Your data, the lifeblood of your organization, is always at risk from cyberthieves, mother nature, and human-error. According to an IDC report, The Digitization of the World, the global datasphere will grow to 175 zettabytes by 2025 (it was 33 zettabytes in 2018). Much of that data will be managed by businesses and is vital to operations. What steps are organizations taking to secure that data? An IT security policy and employee training are great ways to protect that data, but what about when mother nature throws you a curveball?

Disaster Recovery as a Service (DRaaS) is a great solution to reduce that risk. Just like strong cybersecurity, disaster recovery is an investment in remediation, ensuring businesses don’t lose more data or time than they can absorb. While it might never be needed, it might also save the business from catastrophe. We know what DRaaS is (check out this guide if you want to catch up on Disaster Recovery and DRaaS), but many confuse the “service” with the technology that drives DRaaS. In this post, we’ll explain how the “service” part of DRaaS works.

Understanding the “service” in Disaster Recovery as a Service (DRaaS)

Traditional disaster recovery solutions were hosted on a physical server at on-premises data center or off-site at a partner data center facility. The components of a private DR environment include the data center or colocation facility, network connectivity, servers, software licenses, and IT staff. Typically, the customer is responsible for managing and maintaining the DR software and environment. If anything goes wrong or needs fixing, it’s up to the customer to fix it. A customer can also buy DR software and upload it to a public cloud server, saving on the cost of maintaining hardware and infrastructure. But the DR software and environment is still the responsibility of the customer.

DRaaS is a less labor-intensive alternative to traditional disaster recovery and backup. DRaaS is a cloud-based, subscription service managed by a DRaaS provider. As with all “as a service” cloud offerings, the customer pays a monthly or quarterly fee for use of the cloud-based DR software and infrastructure. Offerings vary. In some cases, the provider may own the entire process, infrastructure and software. In other cases, the provider may provide access to the software and infrastructure, but the customer may be responsible for testing and failover. The possibilities are as varied as you can envision, so properly understanding who is responsible for what is very important.

There are numerous advantages to DRaaS. DRaaS potentially saves customers the cost of buying and maintaining hardware and space dedicated to disaster recovery and hiring DR experts to manage it. DRaaS providers have experts on staff to address the range of potential issues in DR and the cloud. Most firms can’t afford an in-house team of DR experts. In addition, DRaaS includes on-demand options so that customers can scale up storage, memory, or compute power when needed.

Also read: How Disaster Recovery as a Service (DRaaS) Helps Solve DR Challenges

According to Gartner’s Market Guide for Disaster Recovery as a Service, the DRaaS market consists of hundreds of providers, each with different technologies and methods for backing up systems, and varying capabilities to meet customer requirements for different workload types, geographical locations, support services, and recovery time objectives. But to be called DRaaS, the provider must have three basic components:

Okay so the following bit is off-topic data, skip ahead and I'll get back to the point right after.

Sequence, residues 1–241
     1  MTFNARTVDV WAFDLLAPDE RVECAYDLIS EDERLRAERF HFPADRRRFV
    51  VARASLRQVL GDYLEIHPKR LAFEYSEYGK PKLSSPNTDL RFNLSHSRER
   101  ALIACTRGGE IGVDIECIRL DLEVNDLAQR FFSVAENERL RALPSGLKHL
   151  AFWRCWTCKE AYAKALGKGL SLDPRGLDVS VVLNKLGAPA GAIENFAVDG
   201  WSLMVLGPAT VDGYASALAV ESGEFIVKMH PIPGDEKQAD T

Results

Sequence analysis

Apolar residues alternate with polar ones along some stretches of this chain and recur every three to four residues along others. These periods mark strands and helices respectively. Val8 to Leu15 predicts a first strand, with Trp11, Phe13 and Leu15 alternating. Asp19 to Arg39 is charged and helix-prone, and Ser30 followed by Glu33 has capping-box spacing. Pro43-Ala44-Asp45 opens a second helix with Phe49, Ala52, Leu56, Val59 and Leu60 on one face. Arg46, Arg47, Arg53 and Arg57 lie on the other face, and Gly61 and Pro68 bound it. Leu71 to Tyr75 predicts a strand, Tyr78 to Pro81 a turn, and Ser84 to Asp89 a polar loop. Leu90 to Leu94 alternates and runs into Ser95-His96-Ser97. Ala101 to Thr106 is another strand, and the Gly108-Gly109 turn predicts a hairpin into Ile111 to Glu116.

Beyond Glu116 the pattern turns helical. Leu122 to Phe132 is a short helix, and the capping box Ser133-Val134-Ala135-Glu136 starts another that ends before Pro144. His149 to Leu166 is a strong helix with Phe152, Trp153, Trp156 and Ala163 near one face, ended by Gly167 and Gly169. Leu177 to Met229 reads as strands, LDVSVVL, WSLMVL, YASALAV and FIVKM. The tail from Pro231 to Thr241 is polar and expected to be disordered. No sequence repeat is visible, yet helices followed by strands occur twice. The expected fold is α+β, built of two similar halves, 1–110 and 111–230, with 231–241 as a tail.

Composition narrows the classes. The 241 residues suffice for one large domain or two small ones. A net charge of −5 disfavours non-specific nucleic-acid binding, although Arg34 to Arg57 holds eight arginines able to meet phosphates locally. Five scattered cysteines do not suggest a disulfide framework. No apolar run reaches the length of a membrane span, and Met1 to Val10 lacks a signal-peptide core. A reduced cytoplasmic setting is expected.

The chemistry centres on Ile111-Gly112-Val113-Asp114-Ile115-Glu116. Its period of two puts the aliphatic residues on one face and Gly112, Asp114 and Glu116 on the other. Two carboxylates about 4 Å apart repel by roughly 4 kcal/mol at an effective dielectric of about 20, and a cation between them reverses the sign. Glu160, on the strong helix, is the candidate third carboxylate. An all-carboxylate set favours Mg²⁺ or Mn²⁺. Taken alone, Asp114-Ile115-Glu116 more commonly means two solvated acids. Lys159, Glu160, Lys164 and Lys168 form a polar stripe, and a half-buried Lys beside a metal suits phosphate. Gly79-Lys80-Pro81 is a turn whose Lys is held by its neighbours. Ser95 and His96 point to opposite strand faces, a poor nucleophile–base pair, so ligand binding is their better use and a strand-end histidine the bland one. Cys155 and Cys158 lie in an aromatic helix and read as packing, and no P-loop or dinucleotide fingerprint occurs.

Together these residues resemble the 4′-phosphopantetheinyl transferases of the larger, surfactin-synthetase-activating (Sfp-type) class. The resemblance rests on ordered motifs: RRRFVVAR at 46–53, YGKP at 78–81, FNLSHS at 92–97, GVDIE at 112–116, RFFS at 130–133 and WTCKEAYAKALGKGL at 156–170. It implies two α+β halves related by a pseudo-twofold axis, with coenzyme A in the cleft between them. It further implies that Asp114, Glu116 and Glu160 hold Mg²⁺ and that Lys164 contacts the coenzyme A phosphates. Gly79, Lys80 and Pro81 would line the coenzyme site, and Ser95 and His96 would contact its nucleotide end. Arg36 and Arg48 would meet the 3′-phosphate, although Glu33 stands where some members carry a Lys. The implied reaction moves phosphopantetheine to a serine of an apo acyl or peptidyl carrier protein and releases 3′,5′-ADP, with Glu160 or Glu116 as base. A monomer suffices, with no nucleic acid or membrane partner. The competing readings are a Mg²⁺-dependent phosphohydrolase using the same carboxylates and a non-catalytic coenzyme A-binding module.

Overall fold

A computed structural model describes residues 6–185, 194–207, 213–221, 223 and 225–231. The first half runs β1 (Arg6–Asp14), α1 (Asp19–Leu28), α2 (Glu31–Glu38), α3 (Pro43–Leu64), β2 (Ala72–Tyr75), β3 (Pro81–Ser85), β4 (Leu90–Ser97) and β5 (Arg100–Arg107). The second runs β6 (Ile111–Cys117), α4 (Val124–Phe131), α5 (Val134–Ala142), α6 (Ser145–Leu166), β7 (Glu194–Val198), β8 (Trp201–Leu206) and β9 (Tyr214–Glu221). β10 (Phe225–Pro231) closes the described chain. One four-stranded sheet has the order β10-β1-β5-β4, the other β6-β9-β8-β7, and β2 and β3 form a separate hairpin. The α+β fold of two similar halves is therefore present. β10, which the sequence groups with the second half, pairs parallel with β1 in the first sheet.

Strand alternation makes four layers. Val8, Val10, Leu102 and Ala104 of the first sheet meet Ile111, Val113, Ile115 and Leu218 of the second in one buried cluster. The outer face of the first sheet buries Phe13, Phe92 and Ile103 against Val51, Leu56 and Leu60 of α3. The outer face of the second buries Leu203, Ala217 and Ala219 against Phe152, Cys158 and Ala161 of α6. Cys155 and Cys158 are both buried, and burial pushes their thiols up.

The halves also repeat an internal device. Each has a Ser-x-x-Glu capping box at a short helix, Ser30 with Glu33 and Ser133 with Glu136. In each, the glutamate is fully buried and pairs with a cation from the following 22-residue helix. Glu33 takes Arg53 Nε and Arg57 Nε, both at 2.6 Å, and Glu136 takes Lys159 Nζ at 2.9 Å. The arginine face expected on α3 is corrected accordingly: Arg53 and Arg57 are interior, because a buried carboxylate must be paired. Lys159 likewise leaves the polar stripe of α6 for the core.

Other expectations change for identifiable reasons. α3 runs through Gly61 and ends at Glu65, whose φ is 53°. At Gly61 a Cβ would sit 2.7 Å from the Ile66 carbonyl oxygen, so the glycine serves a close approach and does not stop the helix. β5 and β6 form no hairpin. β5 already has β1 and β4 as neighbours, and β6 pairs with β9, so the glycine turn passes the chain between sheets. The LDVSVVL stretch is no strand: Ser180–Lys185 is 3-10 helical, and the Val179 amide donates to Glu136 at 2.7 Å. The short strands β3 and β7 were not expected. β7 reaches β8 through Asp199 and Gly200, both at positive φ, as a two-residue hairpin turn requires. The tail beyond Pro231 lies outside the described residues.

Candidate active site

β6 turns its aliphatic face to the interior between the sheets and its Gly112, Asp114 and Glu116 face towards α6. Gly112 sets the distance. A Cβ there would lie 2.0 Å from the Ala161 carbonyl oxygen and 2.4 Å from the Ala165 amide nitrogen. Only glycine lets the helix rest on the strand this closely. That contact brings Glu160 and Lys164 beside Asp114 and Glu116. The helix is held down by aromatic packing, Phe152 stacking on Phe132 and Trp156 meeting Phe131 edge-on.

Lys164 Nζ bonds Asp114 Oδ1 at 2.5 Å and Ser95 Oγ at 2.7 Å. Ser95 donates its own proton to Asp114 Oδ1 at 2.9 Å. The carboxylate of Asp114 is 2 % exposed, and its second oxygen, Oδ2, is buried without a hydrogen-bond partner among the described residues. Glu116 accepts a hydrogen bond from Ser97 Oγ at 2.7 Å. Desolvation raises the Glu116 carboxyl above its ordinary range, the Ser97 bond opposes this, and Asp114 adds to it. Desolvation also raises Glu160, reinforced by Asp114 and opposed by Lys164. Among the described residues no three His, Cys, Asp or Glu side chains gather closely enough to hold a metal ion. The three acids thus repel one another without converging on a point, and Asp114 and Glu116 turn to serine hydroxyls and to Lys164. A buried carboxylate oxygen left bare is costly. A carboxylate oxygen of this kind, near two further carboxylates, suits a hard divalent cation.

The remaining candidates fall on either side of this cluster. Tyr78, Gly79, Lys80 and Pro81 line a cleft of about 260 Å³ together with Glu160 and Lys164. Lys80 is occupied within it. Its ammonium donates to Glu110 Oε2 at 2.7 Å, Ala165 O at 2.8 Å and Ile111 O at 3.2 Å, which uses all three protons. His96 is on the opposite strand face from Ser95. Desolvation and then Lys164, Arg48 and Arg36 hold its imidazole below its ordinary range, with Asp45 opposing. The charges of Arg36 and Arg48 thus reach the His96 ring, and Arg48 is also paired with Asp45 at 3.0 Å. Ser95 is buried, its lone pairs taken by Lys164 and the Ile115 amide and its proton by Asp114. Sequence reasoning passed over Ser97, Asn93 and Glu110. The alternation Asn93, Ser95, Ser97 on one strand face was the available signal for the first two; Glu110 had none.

• on-demand use of cloud storage, virtual servers, and DR software,
  • automated replication, recovery, and failover
  • guaranteed recovery time objective (RTO) and recovery point objective (RPO) spelled out in an SLA. The RTO and RPO are critical measures of a DR strategy. RPO is the point in time to which the system will be restored and how much data and transactions may be lost, while RTO measures how long the system will be down. The shorter the RTO, the faster the company can get back to business.

DRaaS provides a ready-to-use DR infrastructure and software. Either the customer or the provider may manage the environments via a central console or dashboard which lets them set and initiate replication and failover processes, monitor DR metrics, run tests, and handle other DR tasks. While customers are responsible for initiating failover in a disaster, most DRaaS solutions offer automated failover which is triggered by an outage or other event chosen by the customer.

A note on fully-managed DRaaS 

Another category of DRaaS is fully-managed DRaaS. Managed DRaaS providers offer the same cloud infrastructure and DR software. But they also take care of the customer’s DRaaS environment, including managing the server image, replicating production data to the cloud, and creating and executing the customer’s run book or manual for replicating and restoring the system. A run book is a detailed inventory of a DR environment, including all of the procedures

Want to learn more about the technical side of DRaaS? Watch this video below.

 

More on DRaaS provider attributes in the DRaaS Market Guide

DRaaS is an ideal solution for companies that want to move their disaster recovery operations offsite and into the cloud, protect their mountains of vital data, and focus their IT staff on revenue-generating projects. DRaaS allows companies to avoid the costs of DR infrastructure while retaining control over their DR processes. Managed DRaaS adds operational support with minimal effort by the customer. Want to learn more about Disaster Recovery as a Service or talk to an expert? Contact us today.

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